How re­tail giants seized on pop-ups to woo mil­len­ni­als

The Barrie Examiner - - BUSINESS - CLAU­DIA CAT­TA­NEO FI­NAN­CIAL POST Cal­gary mayor Na­heed Nen­shi speaks to me­dia in Cal­gary on Fri­day. A new Main­stream Re­search/Post­media poll re­leased Fri­day, shows Nen­shi trail­ing new­comer Bill Smith in the may­oral elec­tion. ALEK­SAN­DRA SAGAN THE CANA­DIAN PR

Three years af­ter ce­ment­ing his rock star sta­tus by be­ing hon­oured as the world’s top mayor, Cal­gary’s Na­heed Nen­shi is at risk of los­ing his job in next week’s mu­nic­i­pal elec­tion, po­ten­tially pre­sag­ing the be­gin­ning of the end of Al­berta’s fling with pro­gres­sive politi­cians.

Cal­gar­i­ans are in a foul mood. Their city is strug­gling with high un­em­ploy­ment, heaps of va­cant down­town of­fice space due to oil­patch lay­offs that has pushed the mu­nic­i­pal tax bur­den to re­main­ing busi­nesses, and a string of dev­as­tat­ing en­ergy project can­cel­la­tions that are lim­it­ing fu­ture op­por­tu­ni­ties — in­clud­ing the En­ergy East pipe­line last week.

They’ve had it with anti-busi­ness gov­ern­ments, and Nen­shi just hap­pens to be the first politi­cian up for re-elec­tion. He’s seen as run­ning a fat and in­ef­fi­cient city hall that, like its se­nior gov­ern­ment coun­ter­parts, raises taxes and spends with­out re­straint. The big ideas and high ideals Nen­shi — the first Mus­lim mayor of a large North Amer­i­can city — stood for in boom­ing times aren’t so vi­tal when ev­ery­one is tight­en­ing their belt.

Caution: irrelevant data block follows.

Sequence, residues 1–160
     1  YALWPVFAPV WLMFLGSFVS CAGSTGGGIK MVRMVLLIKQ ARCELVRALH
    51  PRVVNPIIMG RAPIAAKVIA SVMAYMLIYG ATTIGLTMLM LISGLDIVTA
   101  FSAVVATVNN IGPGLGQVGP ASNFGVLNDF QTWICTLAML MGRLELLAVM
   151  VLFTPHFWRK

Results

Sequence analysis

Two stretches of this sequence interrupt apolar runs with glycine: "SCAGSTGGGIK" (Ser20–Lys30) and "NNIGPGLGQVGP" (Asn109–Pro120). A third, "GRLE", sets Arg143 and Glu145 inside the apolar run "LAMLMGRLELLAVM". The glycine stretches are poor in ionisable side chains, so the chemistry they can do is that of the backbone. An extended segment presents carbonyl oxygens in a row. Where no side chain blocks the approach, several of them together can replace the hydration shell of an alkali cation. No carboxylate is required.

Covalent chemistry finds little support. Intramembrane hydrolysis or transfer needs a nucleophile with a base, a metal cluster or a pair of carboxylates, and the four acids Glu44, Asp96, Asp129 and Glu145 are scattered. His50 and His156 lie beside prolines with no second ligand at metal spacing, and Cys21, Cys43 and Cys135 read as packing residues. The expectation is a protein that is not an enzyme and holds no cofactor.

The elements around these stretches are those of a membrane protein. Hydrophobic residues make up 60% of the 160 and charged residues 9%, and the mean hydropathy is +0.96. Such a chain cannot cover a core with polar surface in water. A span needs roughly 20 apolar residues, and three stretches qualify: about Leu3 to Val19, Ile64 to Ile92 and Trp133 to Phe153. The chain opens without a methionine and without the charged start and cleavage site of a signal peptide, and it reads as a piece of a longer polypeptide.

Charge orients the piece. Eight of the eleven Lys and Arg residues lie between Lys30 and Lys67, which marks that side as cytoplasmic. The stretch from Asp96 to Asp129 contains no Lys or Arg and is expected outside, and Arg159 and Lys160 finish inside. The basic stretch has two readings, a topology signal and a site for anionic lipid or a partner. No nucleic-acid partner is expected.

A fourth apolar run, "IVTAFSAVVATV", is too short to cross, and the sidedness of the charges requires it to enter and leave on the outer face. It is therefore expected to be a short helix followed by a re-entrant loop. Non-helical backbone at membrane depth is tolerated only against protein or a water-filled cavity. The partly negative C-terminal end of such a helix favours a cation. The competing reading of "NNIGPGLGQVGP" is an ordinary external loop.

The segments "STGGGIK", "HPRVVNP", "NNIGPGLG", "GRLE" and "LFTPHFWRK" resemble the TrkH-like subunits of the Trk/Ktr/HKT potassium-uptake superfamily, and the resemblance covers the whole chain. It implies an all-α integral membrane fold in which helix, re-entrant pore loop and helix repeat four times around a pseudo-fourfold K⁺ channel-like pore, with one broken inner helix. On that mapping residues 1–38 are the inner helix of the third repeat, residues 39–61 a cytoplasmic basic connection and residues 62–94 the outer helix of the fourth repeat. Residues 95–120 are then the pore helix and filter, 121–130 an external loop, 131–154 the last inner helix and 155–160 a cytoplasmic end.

Ac­cord­ing to a Main­stream Re­search /Post­media poll, re­leased Fri­day, the gap be­tween new­comer Bill Smith and Nen­shi for the Oct. 16 vote is widen­ing, with the mayor now trail­ing by 17 points. Smith had the sup­port of 48 per cent of 1,500 Cal­gar­i­ans polled Oct. 3 and 4, while Nen­shi had 31 per cent.